Google rushed out Android Wear in 2014, citing support from over a dozen industry players including its own newly jettisoned hardware subsidiary Motorola. Pebble had introduced a crowdfunded smartwatch starting in 2012, and FitBit, Asus, Sony, Qualcomm and LG were also building smartwatches, with more planned from luxury watch makers. It was like the smartphone market in 2006: how could Apple possibly expect to "just walk in" after falling so far behind?

    At the end of 2014 it walked Apple Watch in alongside its most anticipated new iPhone ever--with premium, expensive versions that climbed up toward $15,000 for a solid gold Edition. Rather than sporting a pixelated camera, Apple focused on notifications (remember when Apple was behind in notifications?), messaging (remember when?) and fitness. Apple Watch sales eviscerated Samsung and gutted not only the smartwatch industry at large but also froze growth in high-end watch sales as well.




    Again a pattern emerges that "being years behind" appears to be a competitive advantage for Apple. Meanwhile, all this time Apple was consistently increasing cash flow, building global production infrastructure and investing in the next areas it was "behind in."

    Detachables

    2015 While Android's various first-mover advantages evaporated, Microsoft began to gain attention for Surface Pro, which supposedly invented pairing a hardware keyboard with a tablet. Microsoft was slipping behind Apple so rapidly in mobile devices that it needed to demonstrate that it was the True Innovator in releasing a new Surface Book and another Surface Pro, both of which were neither tablets nor notebooks but rather a new made-up category of Detachables, evading direct comparisons with Apple's far-behind MacBooks and iPads, neither of which Detached.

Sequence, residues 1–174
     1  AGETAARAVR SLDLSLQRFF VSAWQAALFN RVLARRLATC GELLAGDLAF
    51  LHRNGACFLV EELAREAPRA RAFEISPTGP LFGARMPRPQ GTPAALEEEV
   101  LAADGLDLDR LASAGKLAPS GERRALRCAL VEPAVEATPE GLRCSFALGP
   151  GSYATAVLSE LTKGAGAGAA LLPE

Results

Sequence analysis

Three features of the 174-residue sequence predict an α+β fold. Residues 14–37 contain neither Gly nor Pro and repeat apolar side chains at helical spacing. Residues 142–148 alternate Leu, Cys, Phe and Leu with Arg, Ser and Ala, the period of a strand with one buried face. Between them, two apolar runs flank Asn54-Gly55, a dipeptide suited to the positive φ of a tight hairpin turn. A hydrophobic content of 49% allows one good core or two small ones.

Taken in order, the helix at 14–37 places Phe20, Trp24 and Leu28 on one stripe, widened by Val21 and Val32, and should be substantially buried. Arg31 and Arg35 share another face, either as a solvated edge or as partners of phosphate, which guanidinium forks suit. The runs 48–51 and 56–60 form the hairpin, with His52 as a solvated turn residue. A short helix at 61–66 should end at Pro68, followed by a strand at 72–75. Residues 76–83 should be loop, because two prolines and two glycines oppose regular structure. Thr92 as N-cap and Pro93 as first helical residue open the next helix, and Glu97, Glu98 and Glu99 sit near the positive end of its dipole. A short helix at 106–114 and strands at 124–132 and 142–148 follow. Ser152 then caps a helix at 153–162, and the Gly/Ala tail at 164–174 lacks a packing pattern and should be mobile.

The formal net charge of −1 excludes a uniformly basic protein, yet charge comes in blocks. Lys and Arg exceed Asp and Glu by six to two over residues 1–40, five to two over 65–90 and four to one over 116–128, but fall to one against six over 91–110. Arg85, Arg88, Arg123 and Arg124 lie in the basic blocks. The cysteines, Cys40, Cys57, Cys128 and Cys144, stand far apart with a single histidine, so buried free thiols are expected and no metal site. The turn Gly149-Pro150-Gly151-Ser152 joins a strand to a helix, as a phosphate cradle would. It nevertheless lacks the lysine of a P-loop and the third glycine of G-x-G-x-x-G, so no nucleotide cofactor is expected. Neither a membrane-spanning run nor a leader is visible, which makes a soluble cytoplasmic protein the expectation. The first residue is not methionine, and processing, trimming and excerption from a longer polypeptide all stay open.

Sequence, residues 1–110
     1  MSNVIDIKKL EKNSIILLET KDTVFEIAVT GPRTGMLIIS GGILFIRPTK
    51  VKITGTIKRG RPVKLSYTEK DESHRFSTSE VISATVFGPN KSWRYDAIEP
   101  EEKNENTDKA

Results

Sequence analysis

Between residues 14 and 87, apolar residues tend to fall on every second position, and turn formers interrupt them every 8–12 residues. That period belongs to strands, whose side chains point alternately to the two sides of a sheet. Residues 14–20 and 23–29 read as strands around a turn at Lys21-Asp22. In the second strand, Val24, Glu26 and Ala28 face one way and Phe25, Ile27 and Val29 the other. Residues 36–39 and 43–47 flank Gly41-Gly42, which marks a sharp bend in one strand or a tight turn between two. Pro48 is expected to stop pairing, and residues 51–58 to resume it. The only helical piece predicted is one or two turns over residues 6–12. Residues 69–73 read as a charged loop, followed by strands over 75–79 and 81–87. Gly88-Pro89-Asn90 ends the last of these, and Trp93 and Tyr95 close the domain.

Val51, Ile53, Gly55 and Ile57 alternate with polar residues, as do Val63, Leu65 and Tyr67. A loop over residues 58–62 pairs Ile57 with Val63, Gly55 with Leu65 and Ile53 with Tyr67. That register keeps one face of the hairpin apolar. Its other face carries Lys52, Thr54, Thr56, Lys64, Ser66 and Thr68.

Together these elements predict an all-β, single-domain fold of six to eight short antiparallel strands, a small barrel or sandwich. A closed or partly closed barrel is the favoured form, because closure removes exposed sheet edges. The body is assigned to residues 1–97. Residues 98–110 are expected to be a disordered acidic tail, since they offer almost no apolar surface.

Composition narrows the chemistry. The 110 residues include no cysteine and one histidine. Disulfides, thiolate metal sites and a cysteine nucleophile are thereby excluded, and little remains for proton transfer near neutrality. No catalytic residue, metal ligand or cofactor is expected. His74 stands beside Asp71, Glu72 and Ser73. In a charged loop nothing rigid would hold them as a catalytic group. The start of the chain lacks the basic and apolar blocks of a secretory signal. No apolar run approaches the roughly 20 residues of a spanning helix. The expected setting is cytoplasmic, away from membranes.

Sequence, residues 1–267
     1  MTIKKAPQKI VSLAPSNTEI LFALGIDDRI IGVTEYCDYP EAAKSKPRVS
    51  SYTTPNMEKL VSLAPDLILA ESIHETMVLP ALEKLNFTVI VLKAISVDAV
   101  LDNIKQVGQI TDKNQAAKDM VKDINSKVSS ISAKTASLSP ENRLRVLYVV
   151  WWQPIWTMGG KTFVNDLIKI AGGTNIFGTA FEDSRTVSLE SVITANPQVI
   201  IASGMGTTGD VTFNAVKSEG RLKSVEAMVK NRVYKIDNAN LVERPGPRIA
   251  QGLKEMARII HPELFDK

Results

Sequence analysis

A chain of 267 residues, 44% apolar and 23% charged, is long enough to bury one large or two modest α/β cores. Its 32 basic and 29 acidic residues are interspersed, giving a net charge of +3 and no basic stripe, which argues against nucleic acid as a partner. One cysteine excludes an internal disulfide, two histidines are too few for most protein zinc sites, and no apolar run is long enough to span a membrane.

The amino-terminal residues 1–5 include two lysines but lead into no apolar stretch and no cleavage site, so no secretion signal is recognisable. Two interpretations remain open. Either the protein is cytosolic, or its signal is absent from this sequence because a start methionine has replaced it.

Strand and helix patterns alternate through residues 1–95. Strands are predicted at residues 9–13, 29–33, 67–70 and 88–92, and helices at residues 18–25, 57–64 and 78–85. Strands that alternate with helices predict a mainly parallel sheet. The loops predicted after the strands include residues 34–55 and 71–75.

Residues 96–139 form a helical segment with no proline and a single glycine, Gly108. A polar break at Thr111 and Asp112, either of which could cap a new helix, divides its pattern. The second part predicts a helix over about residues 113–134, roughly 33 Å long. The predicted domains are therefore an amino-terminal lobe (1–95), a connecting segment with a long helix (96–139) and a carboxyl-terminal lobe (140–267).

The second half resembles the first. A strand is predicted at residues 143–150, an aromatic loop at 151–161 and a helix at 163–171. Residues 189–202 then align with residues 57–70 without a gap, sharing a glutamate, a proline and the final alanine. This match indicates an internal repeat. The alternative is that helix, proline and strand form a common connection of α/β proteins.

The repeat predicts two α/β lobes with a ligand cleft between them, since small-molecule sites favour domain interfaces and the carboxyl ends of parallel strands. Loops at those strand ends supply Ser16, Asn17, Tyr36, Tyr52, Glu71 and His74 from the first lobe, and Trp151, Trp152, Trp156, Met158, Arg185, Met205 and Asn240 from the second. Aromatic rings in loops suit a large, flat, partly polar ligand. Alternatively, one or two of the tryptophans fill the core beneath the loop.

How could Apple ever catch up in Detachables? Apple was stuck earning about $12 billion per quarter from iPads and Macs, while Microsoft was leading Detachables with about $815 million per quarter of Detachables. If you don't like the rules of the game, introduce your own playing field and play with yourself. You get all the points!

    Having built Detachables since introducing Surface RT back in 2012, it seemed there was no way Apple could just walk in and take Detachables the way it had taken MP3 players, phones, apps, messaging, maps, encryption, mobile Application Processors and watches.

    That fall Apple introduced iPad Pro, which immediately outsold all Surface sales, meaning it now also dominated Detachables because iPad Pro is indeed sold with a keyboard that can be removed.




    It's like when you're winning playing a game by yourself and somebody walks in and plays you and beats you soundly. But Microsoft can't really even get mad about it because that's just how karma works.

    iPad Pro is also sold without a keyboard, because it's an iPad and "Detachables" isn't actually a real word nor a significant or credible market segment. It's an invention to flatter Microsoft. It didn't appreciably help.

    Since 2015, Surface sales haven't grown. Apple's iPad unit sales haven't either, but they have shifted from low-end sales to higher ASPs, thanks to Pro sales. Microsoft is still earning around $815 million per quarter from Surface while Apple just earned $9.7 billion in Q2 from its non-iPhone computers. Apple's computer sales are also bucking the failing trend among PC makers.